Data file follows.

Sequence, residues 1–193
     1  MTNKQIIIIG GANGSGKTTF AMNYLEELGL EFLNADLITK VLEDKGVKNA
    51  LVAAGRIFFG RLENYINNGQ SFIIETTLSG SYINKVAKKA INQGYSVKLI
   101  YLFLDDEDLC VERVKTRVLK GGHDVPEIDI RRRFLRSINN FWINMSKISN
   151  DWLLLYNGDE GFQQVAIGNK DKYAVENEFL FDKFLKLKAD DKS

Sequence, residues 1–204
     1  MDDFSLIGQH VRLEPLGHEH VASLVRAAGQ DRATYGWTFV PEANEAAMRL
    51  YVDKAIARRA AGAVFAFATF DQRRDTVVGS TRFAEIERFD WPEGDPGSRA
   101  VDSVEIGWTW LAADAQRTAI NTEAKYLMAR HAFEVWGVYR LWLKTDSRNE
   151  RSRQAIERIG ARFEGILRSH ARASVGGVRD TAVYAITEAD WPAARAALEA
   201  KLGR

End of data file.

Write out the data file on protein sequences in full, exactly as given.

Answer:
Sequence, residues 1–193
     1  MTNKQIIIIG GANGSGKTTF AMNYLEELGL EFLNADLITK VLEDKGVKNA
    51  LVAAGRIFFG RLENYINNGQ SFIIETTLSG SYINKVAKKA INQGYSVKLI
   101  YLFLDDEDLC VERVKTRVLK GGHDVPEIDI RRRFLRSINN FWINMSKISN
   151  DWLLLYNGDE GFQQVAIGNK DKYAVENEFL FDKFLKLKAD DKS

Sequence, residues 1–204
     1  MDDFSLIGQH VRLEPLGHEH VASLVRAAGQ DRATYGWTFV PEANEAAMRL
    51  YVDKAIARRA AGAVFAFATF DQRRDTVVGS TRFAEIERFD WPEGDPGSRA
   101  VDSVEIGWTW LAADAQRTAI NTEAKYLMAR HAFEVWGVYR LWLKTDSRNE
   151  RSRQAIERIG ARFEGILRSH ARASVGGVRD TAVYAITEAD WPAARAALEA
   201  KLGR